Tool of the Month: There have always been a few features missing in water flow valve shutoff devices. It looks like Alarm.com has nailed it. When away, the Water Dragon is designed to internally detect leaks throughout a house, automatically turn off the water, and notify accordingly. Additionally, temperature monitoring notifies users of potential pipe freezes. Alarm.com bills the Water Dragon as a “no-plumber-needed” solution with “clip-and-zip” installation. Image courtesy of Alarm.com.

Two popular water flow valve monitors are the new Water Dragon from Alarm.com (see Tool of the Month) and the Moen Flo Smart Water Monitor and Shutoff. The Water Dragon was recently introduced at the 2023 Consumer Electronics Show. The security trade always respects new devices from Alarm.com, and this appears to be no disappointment. When away, the Water Dragon is designed to internally detect whole-house leaks, automatically turn off the water, and notify accordingly. Small leaks when at home will notify customers but not shut off in order to avoid any untimely interruption. Temperature monitoring will notify homeowners in cases of possible frozen pipes.

The Moen Flo Smart Monitor is designed to similarly shut off the main water valve in cases of pipe leakage. It will also do a nightly audit of the water system to pick up on any irregularities.

As you can imagine with any water flow device, leak time is of the essence to you customers. Automatic shutoff features can fill that bill. The drawback of spot water sensors is no one really knows for sure where that next home water leak will be. That’s why I think that the valve sensor combination units are worth a serious look. Both systems have smartphone apps that allow the customer to keep tabs on daily water usage and alerts.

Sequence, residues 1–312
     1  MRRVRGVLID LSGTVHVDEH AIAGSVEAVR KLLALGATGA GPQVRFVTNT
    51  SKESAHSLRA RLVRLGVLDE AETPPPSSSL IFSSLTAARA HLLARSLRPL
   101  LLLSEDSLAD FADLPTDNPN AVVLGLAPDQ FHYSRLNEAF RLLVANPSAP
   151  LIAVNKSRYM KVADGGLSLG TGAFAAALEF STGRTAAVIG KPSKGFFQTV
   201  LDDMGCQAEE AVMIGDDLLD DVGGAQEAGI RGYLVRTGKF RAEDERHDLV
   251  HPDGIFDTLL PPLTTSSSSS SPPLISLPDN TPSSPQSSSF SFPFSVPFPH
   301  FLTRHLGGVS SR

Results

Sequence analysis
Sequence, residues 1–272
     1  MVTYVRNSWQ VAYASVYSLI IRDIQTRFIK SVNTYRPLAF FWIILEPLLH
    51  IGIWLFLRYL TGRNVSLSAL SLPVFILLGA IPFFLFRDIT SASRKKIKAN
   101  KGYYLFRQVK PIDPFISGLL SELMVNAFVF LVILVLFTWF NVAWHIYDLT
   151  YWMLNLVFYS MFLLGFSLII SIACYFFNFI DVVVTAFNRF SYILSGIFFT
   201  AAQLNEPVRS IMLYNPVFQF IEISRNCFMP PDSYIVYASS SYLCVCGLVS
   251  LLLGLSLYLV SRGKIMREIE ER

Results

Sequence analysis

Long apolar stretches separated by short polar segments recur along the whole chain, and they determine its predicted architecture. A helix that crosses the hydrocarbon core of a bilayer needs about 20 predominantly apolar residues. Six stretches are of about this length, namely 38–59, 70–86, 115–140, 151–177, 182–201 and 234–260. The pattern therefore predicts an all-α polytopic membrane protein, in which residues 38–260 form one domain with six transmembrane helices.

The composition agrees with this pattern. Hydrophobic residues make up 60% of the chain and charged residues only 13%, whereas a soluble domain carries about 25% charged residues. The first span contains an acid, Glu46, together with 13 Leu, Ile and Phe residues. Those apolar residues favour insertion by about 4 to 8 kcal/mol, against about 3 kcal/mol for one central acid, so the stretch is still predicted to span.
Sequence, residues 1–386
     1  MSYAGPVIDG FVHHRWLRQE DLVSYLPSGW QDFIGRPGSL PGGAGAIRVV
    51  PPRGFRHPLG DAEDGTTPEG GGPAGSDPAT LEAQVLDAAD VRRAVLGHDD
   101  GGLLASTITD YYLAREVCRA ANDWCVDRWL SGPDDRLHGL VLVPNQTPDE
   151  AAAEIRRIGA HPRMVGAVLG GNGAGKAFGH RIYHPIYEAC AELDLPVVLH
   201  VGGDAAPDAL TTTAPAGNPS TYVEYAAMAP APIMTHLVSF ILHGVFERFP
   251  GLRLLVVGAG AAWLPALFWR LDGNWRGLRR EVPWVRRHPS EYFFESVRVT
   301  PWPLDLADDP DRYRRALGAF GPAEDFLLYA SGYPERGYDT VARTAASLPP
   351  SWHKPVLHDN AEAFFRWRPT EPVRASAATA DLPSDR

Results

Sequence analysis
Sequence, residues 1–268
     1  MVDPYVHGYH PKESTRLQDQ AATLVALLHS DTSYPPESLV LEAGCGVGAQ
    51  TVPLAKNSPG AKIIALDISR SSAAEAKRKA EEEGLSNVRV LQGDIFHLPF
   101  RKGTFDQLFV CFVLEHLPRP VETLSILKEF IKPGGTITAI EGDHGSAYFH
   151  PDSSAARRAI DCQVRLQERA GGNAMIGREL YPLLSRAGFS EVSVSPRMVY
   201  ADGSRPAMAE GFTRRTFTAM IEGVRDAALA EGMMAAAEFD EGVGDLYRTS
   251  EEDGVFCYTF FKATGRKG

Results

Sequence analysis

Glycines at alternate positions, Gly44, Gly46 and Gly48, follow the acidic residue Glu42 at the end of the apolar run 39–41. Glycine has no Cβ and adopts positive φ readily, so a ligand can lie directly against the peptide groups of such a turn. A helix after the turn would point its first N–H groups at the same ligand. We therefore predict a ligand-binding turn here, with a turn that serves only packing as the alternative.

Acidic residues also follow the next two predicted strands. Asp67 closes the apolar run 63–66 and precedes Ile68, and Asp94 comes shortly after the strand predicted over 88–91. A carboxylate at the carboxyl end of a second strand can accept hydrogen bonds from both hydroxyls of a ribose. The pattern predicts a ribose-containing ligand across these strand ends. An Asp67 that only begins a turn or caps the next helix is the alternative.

About the Author

BOB DOLPH, SSI Contributor


Bob is currently a Security Sales & Integration “Tech Talk” columnist and a contributing technical writer. Bob installed his first DIY home intercom system at the age of 13, and formally started his technology career as a Navy communication electronics technician during the Vietnam War. He then attended the Milwaukee School of Engineering and went on to complete a Security Management program at Milwaukee Area Technical College. Since 1976, Bob has served in a variety of technical, training and project management positions with organizations such ADT, Rollins, National Guardian, Lockheed Martin, American Alarm Supply, Sonitrol and Ingersoll Rand. Early in his career, Bob started and operated his own alarm dealership. He has also served as treasurer of the Wisconsin Burglar and Fire Alarm Association and on Security Industry Association (SIA) standards committees. Bob also provides media and training consulting to the security industry.